The 20 Best Magazines of 2010

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10. Mojo

To be honest, it was hard to choose which UK-based music magazine to include on this list, with NME, Uncut, Q and, especially, The Word battling it out. But we chose Mojo for its ability to squeeze new stories out of old music, while treating up-coming acts as potential future legends. Oh, and for having Tom Waits guest edit an issue this year. With extensive album reviews (and an unmatched reissues section), no other magazine covers music more comprehensively, on either side of the pond or the hill. And samplers—like its most recent “Dylan’s Scene” CD chronicling the sound of Greenwich Village—are a nice bonus. Josh Jackson


9. The Believer

An arm of the McSweeney’s publishing empire, The Believer represents several platonic ideals of the magazine industry: The writing is smart; the book feels great in your hands; the subjects share a particular sensibility but maintain some element of surprise. It’s a miracle that, with such a lean staff and so little advertising, the editors can do what they do. Nick Marino


8. The Atlantic

The Atlantic underwent a major redesign last decade, but it could be printed on paper towels in ComicSans for all we care, as long as it continues to offer some of the most well-reasoned analysis in all of print media. Surely the magazine’s latest batch of writers have been doing their legendary forebears—Harriet Beecher Stowe, Ralph Waldo Emerson, Henry Wadsworth Longfellow, Oliver Wendell Holmes—proud. Josh Jackson


7. Good

One of the youngest magazines on this list was started with the simple idea that some people actually do give a damn. Mixing investigative journalism with energetic infographics, Good uncovers what’s wrong and celebrates those trying to make it right. But rather than just being benevolent, its design, originality and writing make it actually good. Josh Jackson


6. New Yorker

We love Talk of the Town, Alex Ross and Sasha-Frere Jones. But more than that we love knowing that whatever feature we read, whether it’s about Obama or the freakin’ Dog Whisperer, we’re not going to want to put it down. Josh Jackson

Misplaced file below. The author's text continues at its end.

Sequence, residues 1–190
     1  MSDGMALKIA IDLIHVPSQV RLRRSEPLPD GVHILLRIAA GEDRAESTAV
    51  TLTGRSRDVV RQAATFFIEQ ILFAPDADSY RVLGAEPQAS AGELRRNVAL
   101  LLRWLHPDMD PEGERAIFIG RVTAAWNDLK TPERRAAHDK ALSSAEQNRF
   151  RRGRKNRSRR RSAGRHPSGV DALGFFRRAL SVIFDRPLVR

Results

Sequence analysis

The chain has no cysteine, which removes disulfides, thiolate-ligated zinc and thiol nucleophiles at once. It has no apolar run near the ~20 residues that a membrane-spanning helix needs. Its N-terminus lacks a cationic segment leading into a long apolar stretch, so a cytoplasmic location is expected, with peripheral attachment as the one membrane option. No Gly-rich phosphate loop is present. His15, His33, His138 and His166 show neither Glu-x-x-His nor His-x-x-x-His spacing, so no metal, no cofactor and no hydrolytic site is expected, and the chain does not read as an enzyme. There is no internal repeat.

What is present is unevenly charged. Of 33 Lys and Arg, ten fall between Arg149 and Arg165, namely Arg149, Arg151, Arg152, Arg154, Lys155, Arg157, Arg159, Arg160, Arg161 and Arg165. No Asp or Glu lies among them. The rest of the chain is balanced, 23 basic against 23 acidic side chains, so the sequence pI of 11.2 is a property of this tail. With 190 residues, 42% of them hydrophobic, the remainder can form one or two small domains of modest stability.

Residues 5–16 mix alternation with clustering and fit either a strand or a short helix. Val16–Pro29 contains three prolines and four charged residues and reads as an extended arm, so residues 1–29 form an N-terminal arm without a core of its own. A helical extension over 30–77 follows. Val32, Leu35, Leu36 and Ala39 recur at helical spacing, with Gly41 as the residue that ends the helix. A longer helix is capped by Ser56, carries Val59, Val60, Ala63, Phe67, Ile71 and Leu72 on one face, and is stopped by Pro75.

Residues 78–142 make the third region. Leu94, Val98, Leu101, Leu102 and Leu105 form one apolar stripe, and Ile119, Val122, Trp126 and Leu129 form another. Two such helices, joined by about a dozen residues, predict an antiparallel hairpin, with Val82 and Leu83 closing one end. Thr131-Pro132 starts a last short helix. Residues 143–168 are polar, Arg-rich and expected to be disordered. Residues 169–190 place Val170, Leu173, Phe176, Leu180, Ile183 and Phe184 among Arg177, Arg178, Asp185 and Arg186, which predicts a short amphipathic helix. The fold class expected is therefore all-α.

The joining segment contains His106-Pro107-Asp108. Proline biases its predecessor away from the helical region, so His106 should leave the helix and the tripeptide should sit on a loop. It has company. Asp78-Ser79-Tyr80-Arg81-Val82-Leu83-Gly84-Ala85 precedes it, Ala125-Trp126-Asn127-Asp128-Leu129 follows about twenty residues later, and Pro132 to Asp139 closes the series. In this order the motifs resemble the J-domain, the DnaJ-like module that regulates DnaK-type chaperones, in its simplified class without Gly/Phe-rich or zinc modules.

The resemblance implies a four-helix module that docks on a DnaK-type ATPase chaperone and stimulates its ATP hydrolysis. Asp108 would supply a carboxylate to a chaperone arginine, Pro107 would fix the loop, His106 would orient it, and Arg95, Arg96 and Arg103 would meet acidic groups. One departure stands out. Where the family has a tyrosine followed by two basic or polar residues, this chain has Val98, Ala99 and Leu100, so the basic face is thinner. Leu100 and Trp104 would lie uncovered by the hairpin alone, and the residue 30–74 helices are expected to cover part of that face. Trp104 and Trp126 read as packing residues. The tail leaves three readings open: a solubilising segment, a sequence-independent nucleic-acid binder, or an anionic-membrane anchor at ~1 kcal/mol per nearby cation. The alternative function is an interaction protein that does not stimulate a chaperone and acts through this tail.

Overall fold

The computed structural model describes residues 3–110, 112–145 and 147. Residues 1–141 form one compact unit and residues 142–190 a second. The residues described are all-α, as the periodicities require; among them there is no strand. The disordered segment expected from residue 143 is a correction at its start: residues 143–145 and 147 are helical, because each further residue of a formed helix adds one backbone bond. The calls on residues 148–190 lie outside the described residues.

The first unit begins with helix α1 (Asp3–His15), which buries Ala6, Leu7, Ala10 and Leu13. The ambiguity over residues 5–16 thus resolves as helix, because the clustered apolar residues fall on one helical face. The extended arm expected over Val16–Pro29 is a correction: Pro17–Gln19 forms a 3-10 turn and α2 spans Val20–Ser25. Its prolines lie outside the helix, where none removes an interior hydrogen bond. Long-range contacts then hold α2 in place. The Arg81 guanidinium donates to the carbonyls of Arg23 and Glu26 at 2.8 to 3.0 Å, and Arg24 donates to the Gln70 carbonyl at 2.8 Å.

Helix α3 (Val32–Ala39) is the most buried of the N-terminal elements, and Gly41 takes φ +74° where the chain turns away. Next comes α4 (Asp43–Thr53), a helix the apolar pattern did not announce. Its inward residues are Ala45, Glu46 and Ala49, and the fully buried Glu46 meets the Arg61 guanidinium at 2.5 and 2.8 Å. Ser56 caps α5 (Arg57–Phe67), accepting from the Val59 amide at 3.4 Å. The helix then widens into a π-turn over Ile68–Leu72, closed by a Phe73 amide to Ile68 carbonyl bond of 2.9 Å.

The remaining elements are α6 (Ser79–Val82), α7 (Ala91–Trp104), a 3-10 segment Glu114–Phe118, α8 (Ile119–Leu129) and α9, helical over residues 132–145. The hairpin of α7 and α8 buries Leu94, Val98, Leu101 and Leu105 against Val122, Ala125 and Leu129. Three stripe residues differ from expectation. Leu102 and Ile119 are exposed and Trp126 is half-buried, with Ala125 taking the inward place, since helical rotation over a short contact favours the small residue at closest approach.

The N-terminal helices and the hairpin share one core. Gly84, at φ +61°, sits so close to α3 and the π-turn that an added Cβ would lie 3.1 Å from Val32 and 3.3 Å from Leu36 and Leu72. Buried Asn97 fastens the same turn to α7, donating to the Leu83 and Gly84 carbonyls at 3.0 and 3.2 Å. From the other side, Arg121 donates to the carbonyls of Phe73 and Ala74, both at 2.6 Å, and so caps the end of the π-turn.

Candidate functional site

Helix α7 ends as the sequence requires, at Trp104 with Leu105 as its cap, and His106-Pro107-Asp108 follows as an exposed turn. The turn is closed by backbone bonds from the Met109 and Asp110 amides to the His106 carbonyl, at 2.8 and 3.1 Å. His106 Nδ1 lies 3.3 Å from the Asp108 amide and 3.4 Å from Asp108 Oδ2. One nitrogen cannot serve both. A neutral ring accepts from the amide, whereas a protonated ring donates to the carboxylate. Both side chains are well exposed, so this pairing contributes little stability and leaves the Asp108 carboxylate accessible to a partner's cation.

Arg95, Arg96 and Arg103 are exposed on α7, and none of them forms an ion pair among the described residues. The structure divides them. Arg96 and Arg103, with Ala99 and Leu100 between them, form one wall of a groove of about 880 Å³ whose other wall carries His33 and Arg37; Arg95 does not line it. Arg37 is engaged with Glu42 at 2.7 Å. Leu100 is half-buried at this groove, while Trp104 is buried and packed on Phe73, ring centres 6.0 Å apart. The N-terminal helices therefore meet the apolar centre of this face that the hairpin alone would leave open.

5. Oxford American

As we toil away down here in Decatur, Georgia, it’s nice to be reminded that all great magazines don’t come from New York City. Marc Smirnoff’s Oxford American has been through its share of publishing turmoil, but its uniquely Southern voice hasn’t wavered once. And once a year it becomes the best music magazine in the world with bylines in its latest issue from Greil Marcus, Tom Franklin, Amanda Petrusich, Carl Wilson, Jack Pendarvis, John Jeremiah Sullivan—along with Paste’s Rachael Maddux and Austin L. Ray. Josh Jackson


4. Esquire

When I think of Esquire, I think of Tom Chiarella’s poignant and straight-shooting instructions on how to deliver a eulogy, which made me chuckle despite the lump in my throat (“Don’t sing, unless they ask you to. Even then, consider not singing”). I think of Chris Jones’ devastating—and National Magazine Award-winning—essay “The Things That Carried Him,” which relates the journey of a dead soldier’s body from Iraq back to his hometown in Indiana. I think of Tom Junod’s towering, exhaustive profiles of Angelina Jolie and Steve Jobs and Arnold Schwarzenegger and so many others. Esquire is the reason I love magazines. I dare you to comb through an entire issue and find a single word between those covers that doesn’t leave you reeling with delight or nodding vigorously at the gobsmacking truth sparking like a Texas thunder storm just behind it. Jason Killingsworth


3. Wired

Everything about Wired seems designed to surprise and delight, from its innovative covers to its voracious curiosity about everything under and beyond the sun. More than just a way to keep its readers current with the latest gadget or technological advance, Wired writers are constantly questioning conventional wisdom, offering new perspectives and debunking misconceptions about all that we hold dear. Josh Jackson


2. The Economist

The Economist is an intelligent and opinionated weekly examining news, politics, business, science and even the arts. They don’t just chronicle events; they apply their neo-liberal philosophy (pro- free markets, globalization, open borders, and government spending on stimulus, health and education) in articles (mostly without byline) that take a definite stance in the interest of progress. You can count on them for lively and comprehensive editorial spanning the globe. It’s no wonder the magazine has remained as one of the few bright stars in the publishing industry, with the trifecta of editorial vitality, growing readership and healthy advertising. Tim Regan-Porter


1. New York

As magazine editors, we collectively bow down to the feet of New York’s Adam Moss and the font of creativity he has instilled in this (so much more than a) city mag since taking over in 2004. From new music critic Nitsuh Ebebe’s insights to David Edelstein’s movie reviews to the Approval Matrix, there’s plenty for even non-New Yorkers to love. And they do it every seven days. Even with the expansion of the brilliant pop-culture blog Vulture, New York’s printed words have only gotten sharper. Josh Jackson